Yesterday I went to a class size arbitration downtown Manhattan. I've done this a number of times over the years. The first time I went, I drove my car to Forest Hills, spent a half hour looking for a spot, and took the subway in. We finished early, I grabbed lunch and ran back to my school. I taught my afternoon classes, which put them a day ahead of my morning classes. That was inconvenient, but I worked it out somehow.
The second time I went, I spent another half hour parking at Forest Hills. I got called into a room at 10 AM, and an AP insisted she would fix all the dozens of oversized classes. I sat at American Arbitration Association until maybe 5 PM, when she called back and said they were fixed. I identified 17 classes that were not fixed, and got home around 9 PM.
Since then, I take the LIRR to the city for hearings. I come in at the end of rush hour, so the trains are not that crowded. I leisurely read a crappy novel on my iPhone all the way there and wished I had the luxury of taking the train to work every day. Of course, all the people I know who take the train to work hate doing it, hate the LIRR and I don't know what else, but driving is no picnic either. No matter how early I hit the LIE, 20 million other people hit it with me.
The first DOE lawyer I used to see was kind of bellicose and arrogant. I would say we have 56 oversized classes and she would say we had none. She seemed angry about it, too. I understand we're adversarial here, but I never really saw the point of being like that. The lawyer I saw yesterday must have received an upgrade or something. He was very matter of fact, which in my view, is pretty much the only way to be.
Still, I wouldn't want his job. He has to sit all day and argue about why there should be oversized classes. If there's some precedent for there being an oversized class, he has to cite it, and then state whether or not the precedent actually sets a precedent that must be followed. If it isn't, he has to argue they accept it anyway. And then, of course, if they don't accept it, he has to argue for an exception. You see, for some reason I will never understand, some schools are granted exceptions to class size rules. You didn't have any oversized classes for the last few years? Then an arbitrator may reward you by allowing some now.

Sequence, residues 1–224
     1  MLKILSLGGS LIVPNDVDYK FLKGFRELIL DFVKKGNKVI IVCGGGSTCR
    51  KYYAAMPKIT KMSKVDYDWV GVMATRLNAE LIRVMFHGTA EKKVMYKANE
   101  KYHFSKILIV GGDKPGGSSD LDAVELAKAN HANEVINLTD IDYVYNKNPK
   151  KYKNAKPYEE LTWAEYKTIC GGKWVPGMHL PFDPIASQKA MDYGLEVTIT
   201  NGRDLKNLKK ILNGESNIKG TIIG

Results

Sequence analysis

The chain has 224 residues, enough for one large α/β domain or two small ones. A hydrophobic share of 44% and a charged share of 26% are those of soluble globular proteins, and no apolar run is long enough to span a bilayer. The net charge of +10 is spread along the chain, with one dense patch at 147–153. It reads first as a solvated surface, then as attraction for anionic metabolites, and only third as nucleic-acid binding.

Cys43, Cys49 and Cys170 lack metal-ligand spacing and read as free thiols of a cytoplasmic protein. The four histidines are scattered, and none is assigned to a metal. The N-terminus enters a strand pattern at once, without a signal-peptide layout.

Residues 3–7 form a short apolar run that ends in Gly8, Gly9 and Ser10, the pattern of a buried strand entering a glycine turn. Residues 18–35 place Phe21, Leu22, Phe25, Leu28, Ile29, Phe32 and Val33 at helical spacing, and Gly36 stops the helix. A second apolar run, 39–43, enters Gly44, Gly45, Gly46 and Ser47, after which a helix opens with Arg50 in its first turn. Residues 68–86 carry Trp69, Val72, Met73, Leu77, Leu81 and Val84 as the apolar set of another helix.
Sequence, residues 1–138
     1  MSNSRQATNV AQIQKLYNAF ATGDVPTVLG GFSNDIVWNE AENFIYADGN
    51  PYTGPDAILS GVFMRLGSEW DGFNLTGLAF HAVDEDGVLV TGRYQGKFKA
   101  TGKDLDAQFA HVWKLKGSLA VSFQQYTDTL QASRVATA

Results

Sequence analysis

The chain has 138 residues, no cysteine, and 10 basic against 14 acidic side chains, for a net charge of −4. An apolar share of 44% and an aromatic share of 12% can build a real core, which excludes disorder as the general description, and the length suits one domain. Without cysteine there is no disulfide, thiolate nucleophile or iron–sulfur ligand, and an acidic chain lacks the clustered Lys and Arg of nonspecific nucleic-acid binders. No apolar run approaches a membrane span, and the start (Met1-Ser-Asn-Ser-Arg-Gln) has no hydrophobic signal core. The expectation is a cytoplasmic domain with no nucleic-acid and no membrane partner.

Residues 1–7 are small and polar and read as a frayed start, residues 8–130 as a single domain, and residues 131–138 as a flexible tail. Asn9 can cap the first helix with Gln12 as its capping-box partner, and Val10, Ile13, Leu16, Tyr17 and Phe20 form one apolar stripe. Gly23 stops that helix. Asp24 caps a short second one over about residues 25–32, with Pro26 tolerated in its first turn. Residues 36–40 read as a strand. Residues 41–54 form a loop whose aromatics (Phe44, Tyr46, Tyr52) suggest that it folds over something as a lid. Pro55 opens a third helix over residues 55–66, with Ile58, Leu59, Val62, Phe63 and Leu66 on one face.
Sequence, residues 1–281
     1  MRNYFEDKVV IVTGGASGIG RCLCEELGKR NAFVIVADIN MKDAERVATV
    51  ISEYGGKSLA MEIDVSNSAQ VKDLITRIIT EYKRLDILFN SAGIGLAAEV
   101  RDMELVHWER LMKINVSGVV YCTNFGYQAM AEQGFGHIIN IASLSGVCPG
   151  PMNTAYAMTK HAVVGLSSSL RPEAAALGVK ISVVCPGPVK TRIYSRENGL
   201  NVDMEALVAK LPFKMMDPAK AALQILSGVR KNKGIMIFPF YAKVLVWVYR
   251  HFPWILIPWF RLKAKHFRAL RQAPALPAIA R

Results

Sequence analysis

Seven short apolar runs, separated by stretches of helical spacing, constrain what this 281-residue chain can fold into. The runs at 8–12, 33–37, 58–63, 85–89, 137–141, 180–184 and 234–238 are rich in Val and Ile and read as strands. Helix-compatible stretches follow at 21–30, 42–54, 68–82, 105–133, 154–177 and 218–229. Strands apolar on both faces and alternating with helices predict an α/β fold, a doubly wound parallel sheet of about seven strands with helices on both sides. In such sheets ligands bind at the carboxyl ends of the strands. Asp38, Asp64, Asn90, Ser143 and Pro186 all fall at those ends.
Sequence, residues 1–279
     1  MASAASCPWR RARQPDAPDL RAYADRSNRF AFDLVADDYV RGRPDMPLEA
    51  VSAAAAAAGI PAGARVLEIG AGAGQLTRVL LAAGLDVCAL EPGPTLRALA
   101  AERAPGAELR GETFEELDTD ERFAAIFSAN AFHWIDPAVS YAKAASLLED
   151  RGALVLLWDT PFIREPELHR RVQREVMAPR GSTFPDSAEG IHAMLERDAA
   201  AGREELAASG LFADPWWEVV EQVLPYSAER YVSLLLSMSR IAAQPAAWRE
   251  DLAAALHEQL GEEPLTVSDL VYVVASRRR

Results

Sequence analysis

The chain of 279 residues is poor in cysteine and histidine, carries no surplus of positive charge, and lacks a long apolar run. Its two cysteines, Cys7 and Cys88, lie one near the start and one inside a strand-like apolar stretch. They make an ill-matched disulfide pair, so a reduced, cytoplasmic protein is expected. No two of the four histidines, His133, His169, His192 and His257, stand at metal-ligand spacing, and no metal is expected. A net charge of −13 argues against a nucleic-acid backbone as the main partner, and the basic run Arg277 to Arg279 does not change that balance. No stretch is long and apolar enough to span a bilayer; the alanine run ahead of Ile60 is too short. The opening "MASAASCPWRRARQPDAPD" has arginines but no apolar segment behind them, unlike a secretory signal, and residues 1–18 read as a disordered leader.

I don't understand that. The Contract says 34 kids in a class. But if your principal has been a good boy or girl, there can be 35. Or 36. Who knows the mysterious ways of arbitrators? And apparently the arbitrators haven't got one of those all-important rubrics, because some will rule one way and others a different way on the same case. I myself grieved classes similar to those an arbitrator rejected last year, because who knows? Maybe this year's model will see the light and decide to help kids stuck in an oversized class on a technicality.
Now sure, you can say I'm just like the lawyer, arguing the other side. My District Rep. would jump on a precedent just like the DOE lawyer would, with my full support. And if it were a precedent that didn't have to be followed, I'd want him to follow it. If we could set a precedent that would make other kids sit through fewer classes of 35, or 51, or whatever, that would be great.
NYC still has the highest class size in the state, and hasn't budged in half a century. Every little bit helps, and I'm proud to do even a little bit, on the off chance that it will help. And sometimes it does.
Stories herein containing unnamed or invented characters are works of fiction. Names, characters, businesses, places, events and incidents are either the products of the author’s imagination or used in a fictitious manner. Any resemblance to actual persons, living or dead, or actual events is purely coincidental.